Qualcomm Inc.’s stock rallied in after-hours trading today after the company managed to dodge the impact of slowing smartphone sales resulting from COVID-19 lockdowns in China and reduced demand in Europe.
In its fiscal second quarter, it posted record quarterly revenue and followed up with strong guidance for the next period too. The company reported earnings before certain costs such as stock compensation of $3.21 per share on revenue of $11.16 billion, up an impressive 41% from a year ago. That resulted in net income of $2.93 billion for the quarter.
The performance crushed expectations, with Wall Street analysts looking for earnings of just $2.91 per share on revenue of $10.6 billion. Qualcomm’s stock then made big gains, rising more than 6% in extended trading following the report. Earlier in the day, Qualcomm’s stock had ticked up by just over a percentage point.
For the third quarter, Qualcomm provided an optimistic forecast, saying it expects earnings of $2.75 to $2.95 per share on around $10.9 billion in sales. That’s better than Wall Street’s forecast of $9.98 billion in fiscal third-quarter sales.
Qualcomm President and Chief Executive Cristiano Amon (pictured) said the record quarterly revenue reflects the successful execution of the company’s growth and diversification strategy, plus strong demand across multiple industries. “We are well positioned to meet our long-term targets and enable the connected intelligent edge,” Amon said.
The majority of Qualcomm’s money comes from selling processors and modems to smartphone makers and from licensing technologies that make it easy to connect to cellular networks. Qualcomm CDMA Technologies, the company’s chip business unit, delivered sales of $9.55 billion, up 52% from a year ago and well ahead of the $8.86 billion in sales that analysts had forecast earlier.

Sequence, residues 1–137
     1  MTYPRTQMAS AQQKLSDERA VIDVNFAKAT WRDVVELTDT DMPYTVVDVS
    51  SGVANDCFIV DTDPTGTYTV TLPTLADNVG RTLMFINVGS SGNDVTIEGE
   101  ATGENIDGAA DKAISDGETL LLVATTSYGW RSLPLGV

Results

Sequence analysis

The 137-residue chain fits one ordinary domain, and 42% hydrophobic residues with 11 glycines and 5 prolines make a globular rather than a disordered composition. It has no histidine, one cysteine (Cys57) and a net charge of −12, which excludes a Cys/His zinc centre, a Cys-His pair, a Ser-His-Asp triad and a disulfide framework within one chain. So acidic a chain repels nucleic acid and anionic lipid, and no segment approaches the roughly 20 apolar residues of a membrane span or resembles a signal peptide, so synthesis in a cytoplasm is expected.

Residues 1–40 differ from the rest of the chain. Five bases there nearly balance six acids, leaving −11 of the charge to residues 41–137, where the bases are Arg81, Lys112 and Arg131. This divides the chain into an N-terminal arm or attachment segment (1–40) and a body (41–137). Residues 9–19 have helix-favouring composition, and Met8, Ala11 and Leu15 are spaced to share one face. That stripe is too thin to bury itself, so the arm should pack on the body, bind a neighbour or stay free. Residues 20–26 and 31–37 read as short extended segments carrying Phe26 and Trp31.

Meanwhile, the Qualcomm Technology Licensing unit, which collects license revenue from the thousands of patents the company hold, reported sales of $1.58 billion, just ahead of the $1.55 billion forecast but down 2% from a year ago.
Qualcomm’s strong results come at a time when there has been a lot of skepticism about the wider chipmaking industry, which benefited from a strong surge in demand and limited supplies during the COVID-19 pandemic.
Faced with the prospect of a slowdown, Amon has looked to find additional markets for Qualcomm’s chips as part of a strategy to diversify away from its bread and butter business of handset processors. Amon’s efforts have clearly paid off, as the company saw strong growth in all four of its major chip markets.
Handset sales, which remains by far Qualcomm’s biggest money maker, rose 56%, to $6.33 billion. RF front-end, which relates to chips that enable 5G connectivity in mobile devices, jumped 8%, to $1.16 billion. And the IoT business, which makes inexpensive, low powered chips for “internet of things” devices, saw sales rise 61%, to $1.72 billion.
“Qualcomm surprised everybody, beating estimates on every conceivable metric,” said Patrick Moorhead, an analyst with Moor Insights & Strategy. “This demonstrates more for its competitiveness versus the market and, to me, shows that the company is delivering on its diversification strategy.”
Qualcomm’s automotive chip market remains smaller but the company is optimistic that it might one day become much bigger. Certainly, it’s growing well enough, with sales rising 41%, to $339 million, in the quarter.
Qualcomm said it paid $764 million in cash dividends and repurchased $951 million worth of stock during the quarter.